Mars rover Curiosity finds evidence of planet’s primitive continental crust
Mars Curiosity is busy with its digging operations, all the while keeping a close eye on the sunspots, and its latest observations through its ChemCam laser instrument has revealed presence of what looks like Mars’ primitive continental crust.
These unusually light-colored rocks on Mars are seemingly similar to granitic continental crust rocks found on Earth.
Though Mars, as a whole, is mostly viewed as a planet packing basaltic rocks including igneous rocks that are dark and relatively dense, similar to those forming the Earth’s oceanic crust, there have been instances where certain parts contain fragments of very ancient igneous rocks (around 4 billion years old) that are distinctly light in color, and which were analyzed by the ChemCam instrument on Curiosity.
Based on the images and chemical analysis of the rock fragments, scientists say that these pale rocks are rich in feldspar, possibly with some quartz, and they are unexpectedly similar to Earth’s granitic continental crust.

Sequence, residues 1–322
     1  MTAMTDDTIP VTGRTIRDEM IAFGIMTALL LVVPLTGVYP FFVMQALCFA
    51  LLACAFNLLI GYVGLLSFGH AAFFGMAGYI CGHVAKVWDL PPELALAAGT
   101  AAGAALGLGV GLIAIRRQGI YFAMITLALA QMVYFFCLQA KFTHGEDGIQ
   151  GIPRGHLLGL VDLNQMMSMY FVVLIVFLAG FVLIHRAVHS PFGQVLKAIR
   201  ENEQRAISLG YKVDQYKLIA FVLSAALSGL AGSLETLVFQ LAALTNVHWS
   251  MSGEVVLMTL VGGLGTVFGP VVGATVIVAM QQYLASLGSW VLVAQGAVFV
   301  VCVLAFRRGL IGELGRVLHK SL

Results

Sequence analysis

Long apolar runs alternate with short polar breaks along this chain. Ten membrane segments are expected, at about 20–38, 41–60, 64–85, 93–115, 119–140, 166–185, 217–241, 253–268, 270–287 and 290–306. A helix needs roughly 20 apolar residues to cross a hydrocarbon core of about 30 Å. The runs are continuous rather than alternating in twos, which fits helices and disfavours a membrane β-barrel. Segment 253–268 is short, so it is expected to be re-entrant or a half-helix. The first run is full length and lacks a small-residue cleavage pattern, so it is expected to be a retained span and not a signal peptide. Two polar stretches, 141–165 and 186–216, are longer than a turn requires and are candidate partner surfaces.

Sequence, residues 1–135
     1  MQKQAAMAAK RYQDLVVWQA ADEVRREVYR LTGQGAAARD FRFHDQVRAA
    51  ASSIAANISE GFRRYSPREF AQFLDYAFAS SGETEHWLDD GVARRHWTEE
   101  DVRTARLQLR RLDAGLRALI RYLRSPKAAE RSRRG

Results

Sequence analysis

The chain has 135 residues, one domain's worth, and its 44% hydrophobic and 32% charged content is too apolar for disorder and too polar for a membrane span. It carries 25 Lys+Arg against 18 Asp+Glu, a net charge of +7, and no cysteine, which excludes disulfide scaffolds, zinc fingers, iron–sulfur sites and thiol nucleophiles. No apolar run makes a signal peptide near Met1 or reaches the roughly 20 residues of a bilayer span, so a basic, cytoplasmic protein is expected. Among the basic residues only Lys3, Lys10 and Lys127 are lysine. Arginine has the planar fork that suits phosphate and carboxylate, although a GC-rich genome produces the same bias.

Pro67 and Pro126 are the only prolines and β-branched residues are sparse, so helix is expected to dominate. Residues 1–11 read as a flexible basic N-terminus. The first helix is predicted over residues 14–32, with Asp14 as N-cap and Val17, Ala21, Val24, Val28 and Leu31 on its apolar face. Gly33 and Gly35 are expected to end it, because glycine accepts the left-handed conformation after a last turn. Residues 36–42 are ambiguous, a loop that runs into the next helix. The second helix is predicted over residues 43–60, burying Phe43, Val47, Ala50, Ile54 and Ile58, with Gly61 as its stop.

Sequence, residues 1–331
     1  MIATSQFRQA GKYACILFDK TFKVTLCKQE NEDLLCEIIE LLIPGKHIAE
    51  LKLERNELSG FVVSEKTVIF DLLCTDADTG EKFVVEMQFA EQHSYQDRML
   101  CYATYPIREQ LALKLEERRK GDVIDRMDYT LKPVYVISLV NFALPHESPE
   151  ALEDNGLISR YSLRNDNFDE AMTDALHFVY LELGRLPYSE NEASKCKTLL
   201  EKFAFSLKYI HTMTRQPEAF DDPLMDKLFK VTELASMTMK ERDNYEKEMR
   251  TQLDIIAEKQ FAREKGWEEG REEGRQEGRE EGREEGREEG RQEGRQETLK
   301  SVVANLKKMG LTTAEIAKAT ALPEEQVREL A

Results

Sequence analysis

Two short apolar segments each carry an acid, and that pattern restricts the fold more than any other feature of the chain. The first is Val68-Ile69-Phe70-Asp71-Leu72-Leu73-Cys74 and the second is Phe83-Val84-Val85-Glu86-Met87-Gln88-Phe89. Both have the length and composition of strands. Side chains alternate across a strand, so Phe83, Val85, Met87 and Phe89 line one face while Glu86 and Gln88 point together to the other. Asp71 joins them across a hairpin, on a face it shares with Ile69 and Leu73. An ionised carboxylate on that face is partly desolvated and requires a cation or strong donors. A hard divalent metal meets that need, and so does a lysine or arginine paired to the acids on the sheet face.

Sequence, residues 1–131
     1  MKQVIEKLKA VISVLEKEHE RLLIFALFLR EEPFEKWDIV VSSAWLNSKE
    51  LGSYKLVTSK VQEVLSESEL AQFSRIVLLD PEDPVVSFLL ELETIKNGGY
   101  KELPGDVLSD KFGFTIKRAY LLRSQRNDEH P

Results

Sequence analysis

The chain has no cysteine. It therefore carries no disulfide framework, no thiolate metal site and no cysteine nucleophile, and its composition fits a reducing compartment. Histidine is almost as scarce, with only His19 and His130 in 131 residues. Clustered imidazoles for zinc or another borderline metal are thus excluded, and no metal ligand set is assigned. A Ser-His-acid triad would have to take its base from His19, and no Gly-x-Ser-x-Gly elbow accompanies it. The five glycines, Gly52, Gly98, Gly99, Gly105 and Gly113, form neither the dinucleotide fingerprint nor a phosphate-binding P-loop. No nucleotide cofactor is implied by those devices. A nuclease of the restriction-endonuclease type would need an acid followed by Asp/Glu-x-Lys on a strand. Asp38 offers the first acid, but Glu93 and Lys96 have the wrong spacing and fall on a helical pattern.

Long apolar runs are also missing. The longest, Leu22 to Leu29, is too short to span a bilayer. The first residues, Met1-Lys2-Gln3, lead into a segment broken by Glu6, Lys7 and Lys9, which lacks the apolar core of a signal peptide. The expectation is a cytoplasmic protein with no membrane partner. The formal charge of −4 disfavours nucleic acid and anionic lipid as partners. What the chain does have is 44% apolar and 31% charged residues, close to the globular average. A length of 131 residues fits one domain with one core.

The findings have been published in journal Nature Geoscience and paper’s first author, Violaine Sautter, explains that these primitive Martian crustal components bear a strong resemblance to a terrestrial rock type known to geologists as TTG (Tonalite-Trondhjemite-Granodiorite), rocks that predominated in the terrestrial continental crust in the Archean era (more than 2.5 billion years ago).
Gale crater, excavated about 3.6 billion years ago into rocks of greater age, provided a window into the Red Planet’s primitive crust. The crater walls provided a natural geological cut-away view 1-2 miles down into the crust. Access to some of these rocks, strewn along the rover’s path, provided critical information that could not be observed by other means, such as by orbiting satellites.
ChemCam, a laser-induced breakdown spectrometer (LIBS), provides chemical analyses at a sub-millimeter scale; detailed images were provided by its Remote Micro Imager.